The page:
Time Out says
  • 5 out of 5 stars
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The best shopping in the Haight

Shopping and style

Held Over

Don't let the neon sign reading “Meat Locker” dissuade you: This is one of the best vintage stores on the Haight's row. It stands apart for its generous size (no squeezing among packed racks here), and refreshing organization. The store's wares are cataloged like a library, whether you're looking for retro jumpsuits, pillbox hats, naval uniforms, fur coats or letterman jackets. While other vintage stores are apt to heap an armful of dresses onto the same rack, here they're divided into discerning subsections: long '80s prom, hippie chic, '70s disco and Victorian among them. The store is loosely arranged from casual to formal, with tie-dyed and graphic tees up front and blazers, suits and gowns in the back. Two giant stands hold retro hats, and the tall shoe racks are rife with cowboy and riding boots.

Time Out says
  • 5 out of 5 stars
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Shopping and style

Rare Device

This colorful shop is located at the apex of the cooler-by-the-day NoPa neighborhood, a stone's throw from the Mill (that of the famous $4 toast, not to be confused with the women's clothing shop), locavore grocer Bi-Rite, perennial brunch fixture Nopa and Alamo Square. Since 2011, the store has been headed up by Giselle Gyalzen, who has a particular penchant for handcrafted, thoughtfully designed and eminently giftable goods. That haul includes affordable art prints, ceramics and tableware, gourmet foodstuffs, locally designed jewelry, beauty products, design tomes and kids' toys. (Plus, several twirling racks filled with letterpress cards for topping off impromptu gifts.) The space also doubles as a gallery, with a focus on Bay Area–based illustrators and screen-printers. Take a spin through the store after brunch, then stroll through the Divisadero Farmers' Market, which unfurls every Sunday just across the street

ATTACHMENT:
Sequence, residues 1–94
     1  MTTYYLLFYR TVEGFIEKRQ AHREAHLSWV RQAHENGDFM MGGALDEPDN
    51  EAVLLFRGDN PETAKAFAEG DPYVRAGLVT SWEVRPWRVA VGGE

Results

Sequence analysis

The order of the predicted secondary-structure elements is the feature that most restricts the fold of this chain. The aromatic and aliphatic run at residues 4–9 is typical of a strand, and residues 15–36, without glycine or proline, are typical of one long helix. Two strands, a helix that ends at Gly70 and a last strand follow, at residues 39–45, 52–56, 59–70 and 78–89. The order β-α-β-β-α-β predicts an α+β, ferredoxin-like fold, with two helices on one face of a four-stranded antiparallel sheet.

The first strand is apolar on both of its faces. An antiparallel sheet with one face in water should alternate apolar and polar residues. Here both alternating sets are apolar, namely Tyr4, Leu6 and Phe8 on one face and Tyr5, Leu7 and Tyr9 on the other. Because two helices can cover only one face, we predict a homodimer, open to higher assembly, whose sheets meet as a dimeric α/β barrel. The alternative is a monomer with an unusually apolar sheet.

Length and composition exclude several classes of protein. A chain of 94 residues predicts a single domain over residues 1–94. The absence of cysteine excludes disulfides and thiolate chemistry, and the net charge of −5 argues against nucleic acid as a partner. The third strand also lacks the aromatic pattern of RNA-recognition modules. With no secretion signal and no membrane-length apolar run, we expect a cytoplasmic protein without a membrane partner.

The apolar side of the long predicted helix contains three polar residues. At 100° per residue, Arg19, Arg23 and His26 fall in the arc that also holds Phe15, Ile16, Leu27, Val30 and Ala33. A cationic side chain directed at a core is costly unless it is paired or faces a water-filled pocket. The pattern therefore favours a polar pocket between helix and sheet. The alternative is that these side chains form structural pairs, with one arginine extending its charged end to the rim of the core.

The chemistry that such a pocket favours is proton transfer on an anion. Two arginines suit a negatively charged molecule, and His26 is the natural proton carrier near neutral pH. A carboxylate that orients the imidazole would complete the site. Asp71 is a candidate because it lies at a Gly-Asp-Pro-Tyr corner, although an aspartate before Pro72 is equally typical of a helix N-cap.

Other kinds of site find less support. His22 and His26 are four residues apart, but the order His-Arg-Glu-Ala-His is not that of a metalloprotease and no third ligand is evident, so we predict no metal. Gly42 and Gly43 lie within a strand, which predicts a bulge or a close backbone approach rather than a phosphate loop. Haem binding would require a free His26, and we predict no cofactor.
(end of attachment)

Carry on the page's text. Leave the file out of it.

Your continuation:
Time Out says
  • 5 out of 5 stars
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Shopping and style

The Booksmith

This cheery bookstore near Golden Gate Park offers a welcome respite from the head shops and tie-dye tourist traps along Haight Street. Owner Christin Evans also runs Arts & Letters, Berkeley's author event program, and Booksmith is known for hosting a full schedule of readings, signings, and book parties. (In particular, it's lauded for the Shipwreck series the first Thursday of every month, wherein six writers rewrite cult classic books for comedic effect.) Thoughtful staff recommendations are scattered liberally throughout the shelves, each including a short reader's pitch. This is a bookstore that goes above and beyond in a number of categories, whether it's the expansive kids section, hard-to-find international magazine editions, or the beautiful range of coffee table tomes. But locals swear by the customer service. If for some reason they don't have what you're looking for—a rarity—they'll order it on the spot and call you in a day or two when it arrives.

Time Out says
  • 5 out of 5 stars
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Shopping and style

Dollhouse Bettie

This is an unparalleled boudoir for Bettie Page fetishists and wannabes, filled with pin-up inspired lingerie from the '30s to '60s. The voluptuous mannequins are draped in silk, satin and lace; you'll find no itchy polyester or garish rhinestones here. Though the bulk of the merchandise consists of peek-a-boo bras, panties and vintage slips, you'll find all manner of alluring extras, including tassels, garters, corsets, lace thigh-highs, girdles and feathered toys. The sizing flatters women of all sizes, from A- to G-cups. Forget Spanx: Bettie packs the largest array of vintage shapewear in the city, from waist-cinchers (for faking that hourglass figure) to girdles. In addition to dead-stock vintage attire, the shop also carries pin-up inspired styles from contemporary brands like Mary Green, What Katie Did, and Felina & Jezebel. If you fall for the Dita Von Teese aesthetic, check out Dollhouse Bettie's sister store down the block, Bettie Page, where you'll find retro frocks to complement your new underthings.